Better Health: Smart Health Commentary Better Health (TM): smart health commentary

Article Comments

The Art Of Misleading Statistics: Redefining Psychotherapy


This month’s Psychiatric Times continues the discussion [registration required :-( ] about the NY Times article on psychotherapy that Dinah and readers discussed on April 9. This time, our colleague, Ron Pies MD, authored this article which deconstructs the myths perpetrated in the NYT article, which interviewed a med check doctor who found it “sad” that his patients found him to be important to them in their lives (read the article for the full flavor).

I’m glad that Ron pointed out (as we have) that the 2008 Mojtabai and Olfson article — which implied that only 11% of US outpatient psychiatrists provide psychotherapy — was a misleading statistic. Why? Because they did not consider brief psychotherapy sessions (30 minutes or less) to be classified as “psychotherapy” for their session. Thus, a 90807 (45-50 min) is considered psychotherapy, but a 90805 (20-30 min) would not be considered so, even though the AMA’s CPT manual defines it as psychotherapy. Also, brief and supportive forms of psychotherapy are often given even when only a “med check” is billed. Nonetheless, the sound bite from that article has been: “Only 11% of psychiatrists do psychotherapy”. It just ain’t true. As Mark Twain said, ”There are three kinds of lies: lies, damned lies and statistics.“—–

*This blog post was originally published at Shrink Rap*


You may also like these posts

Read comments »


Comments are closed.

Return to article »

Latest Interviews

IDEA Labs: Medical Students Take The Lead In Healthcare Innovation

It’s no secret that doctors are disappointed with the way that the U.S. healthcare system is evolving. Most feel helpless about improving their work conditions or solving technical problems in patient care. Fortunately one young medical student was undeterred by the mountain of disappointment carried by his senior clinician mentors…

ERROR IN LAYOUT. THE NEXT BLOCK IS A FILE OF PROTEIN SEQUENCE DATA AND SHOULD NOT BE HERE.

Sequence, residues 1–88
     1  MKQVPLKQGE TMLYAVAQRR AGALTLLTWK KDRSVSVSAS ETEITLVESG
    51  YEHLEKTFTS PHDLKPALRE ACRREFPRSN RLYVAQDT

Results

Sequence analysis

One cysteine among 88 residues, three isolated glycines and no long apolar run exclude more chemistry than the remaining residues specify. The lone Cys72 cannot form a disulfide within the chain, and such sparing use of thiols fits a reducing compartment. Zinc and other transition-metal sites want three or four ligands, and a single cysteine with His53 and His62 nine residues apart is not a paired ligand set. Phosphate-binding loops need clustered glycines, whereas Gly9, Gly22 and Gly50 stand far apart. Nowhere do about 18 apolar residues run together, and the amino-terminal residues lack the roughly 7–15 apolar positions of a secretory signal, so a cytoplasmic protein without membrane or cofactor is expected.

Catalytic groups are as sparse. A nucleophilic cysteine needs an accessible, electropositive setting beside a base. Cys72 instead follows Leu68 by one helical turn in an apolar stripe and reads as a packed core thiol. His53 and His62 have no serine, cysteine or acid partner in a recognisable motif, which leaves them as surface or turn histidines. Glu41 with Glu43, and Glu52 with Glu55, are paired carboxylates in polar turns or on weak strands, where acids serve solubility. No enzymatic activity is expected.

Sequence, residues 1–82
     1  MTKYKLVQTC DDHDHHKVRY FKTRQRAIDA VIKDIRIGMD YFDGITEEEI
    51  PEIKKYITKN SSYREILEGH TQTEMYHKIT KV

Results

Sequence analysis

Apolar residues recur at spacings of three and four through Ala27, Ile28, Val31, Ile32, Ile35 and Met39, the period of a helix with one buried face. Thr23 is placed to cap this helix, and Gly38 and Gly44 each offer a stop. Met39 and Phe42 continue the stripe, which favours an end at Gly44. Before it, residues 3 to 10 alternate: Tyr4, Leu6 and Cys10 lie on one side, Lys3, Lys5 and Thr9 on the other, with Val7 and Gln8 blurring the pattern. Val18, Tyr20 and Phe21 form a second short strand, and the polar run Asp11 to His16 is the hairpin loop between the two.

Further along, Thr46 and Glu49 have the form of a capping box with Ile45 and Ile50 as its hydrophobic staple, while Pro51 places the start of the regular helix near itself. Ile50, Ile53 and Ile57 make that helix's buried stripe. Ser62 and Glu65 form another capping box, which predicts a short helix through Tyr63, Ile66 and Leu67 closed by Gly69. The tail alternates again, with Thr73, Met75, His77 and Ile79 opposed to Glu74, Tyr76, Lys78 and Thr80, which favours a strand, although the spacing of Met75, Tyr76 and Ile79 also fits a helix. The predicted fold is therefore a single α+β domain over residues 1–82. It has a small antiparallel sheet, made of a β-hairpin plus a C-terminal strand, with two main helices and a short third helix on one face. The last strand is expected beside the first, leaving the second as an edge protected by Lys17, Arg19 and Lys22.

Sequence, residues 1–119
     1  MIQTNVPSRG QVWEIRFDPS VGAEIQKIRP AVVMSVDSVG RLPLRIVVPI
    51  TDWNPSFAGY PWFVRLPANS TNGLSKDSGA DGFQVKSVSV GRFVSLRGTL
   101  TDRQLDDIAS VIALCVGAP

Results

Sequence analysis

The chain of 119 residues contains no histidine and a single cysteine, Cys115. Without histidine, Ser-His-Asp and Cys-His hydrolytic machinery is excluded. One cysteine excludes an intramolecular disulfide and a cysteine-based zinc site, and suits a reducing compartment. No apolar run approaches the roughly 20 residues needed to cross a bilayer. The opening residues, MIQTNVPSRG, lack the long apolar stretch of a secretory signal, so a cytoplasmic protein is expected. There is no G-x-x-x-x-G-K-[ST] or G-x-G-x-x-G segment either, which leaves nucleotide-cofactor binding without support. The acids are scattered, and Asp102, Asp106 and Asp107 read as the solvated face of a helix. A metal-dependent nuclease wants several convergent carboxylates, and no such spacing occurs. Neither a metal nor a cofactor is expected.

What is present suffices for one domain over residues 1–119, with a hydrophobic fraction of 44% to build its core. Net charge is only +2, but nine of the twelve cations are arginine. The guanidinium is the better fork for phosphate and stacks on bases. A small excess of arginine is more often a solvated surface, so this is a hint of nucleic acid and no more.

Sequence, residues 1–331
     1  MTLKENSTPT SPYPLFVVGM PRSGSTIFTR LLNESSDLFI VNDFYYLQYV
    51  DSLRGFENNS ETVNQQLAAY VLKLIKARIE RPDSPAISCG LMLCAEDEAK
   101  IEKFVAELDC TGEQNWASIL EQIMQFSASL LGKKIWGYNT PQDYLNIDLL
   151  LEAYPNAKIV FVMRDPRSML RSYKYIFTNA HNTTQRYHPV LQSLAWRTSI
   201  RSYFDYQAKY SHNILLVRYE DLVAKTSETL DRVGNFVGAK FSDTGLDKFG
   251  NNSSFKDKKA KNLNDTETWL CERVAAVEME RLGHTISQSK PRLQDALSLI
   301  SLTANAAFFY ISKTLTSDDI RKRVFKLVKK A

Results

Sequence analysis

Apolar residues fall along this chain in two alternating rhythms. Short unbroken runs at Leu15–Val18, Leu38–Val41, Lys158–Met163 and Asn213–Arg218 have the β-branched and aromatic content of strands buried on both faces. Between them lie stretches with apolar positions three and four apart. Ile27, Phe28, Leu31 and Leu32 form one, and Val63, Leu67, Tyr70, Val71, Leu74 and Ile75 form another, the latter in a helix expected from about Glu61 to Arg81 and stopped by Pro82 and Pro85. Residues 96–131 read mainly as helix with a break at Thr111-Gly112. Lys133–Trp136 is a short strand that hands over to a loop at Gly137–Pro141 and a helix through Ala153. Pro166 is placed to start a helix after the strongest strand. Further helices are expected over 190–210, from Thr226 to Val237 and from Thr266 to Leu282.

Read more »

How To Be A Successful Patient: Young Doctors Offer Some Advice

I am proud to be a part of the American Resident Project an initiative that promotes the writing of medical students residents and new physicians as they explore ideas for transforming American health care delivery. I recently had the opportunity to interview three of the writing fellows about how to…

Read more »

See all interviews »

Latest Cartoon

See all cartoons »

Latest Book Reviews

Book Review: Is Empathy Learned By Faking It Till It’s Real?

I m often asked to do book reviews on my blog and I rarely agree to them. This is because it takes me a long time to read a book and then if I don t enjoy it I figure the author would rather me remain silent than publish my…

Read more »

The Spirit Of The Place: Samuel Shem’s New Book May Depress You

When I was in medical school I read Samuel Shem s House Of God as a right of passage. At the time I found it to be a cynical yet eerily accurate portrayal of the underbelly of academic medicine. I gained comfort from its gallows humor and it made me…

Read more »

Eat To Save Your Life: Another Half-True Diet Book

I am hesitant to review diet books because they are so often a tangled mess of fact and fiction. Teasing out their truth from falsehood is about as exhausting as delousing a long-haired elementary school student. However after being approached by the authors’ PR agency with the promise of a…

Read more »

See all book reviews »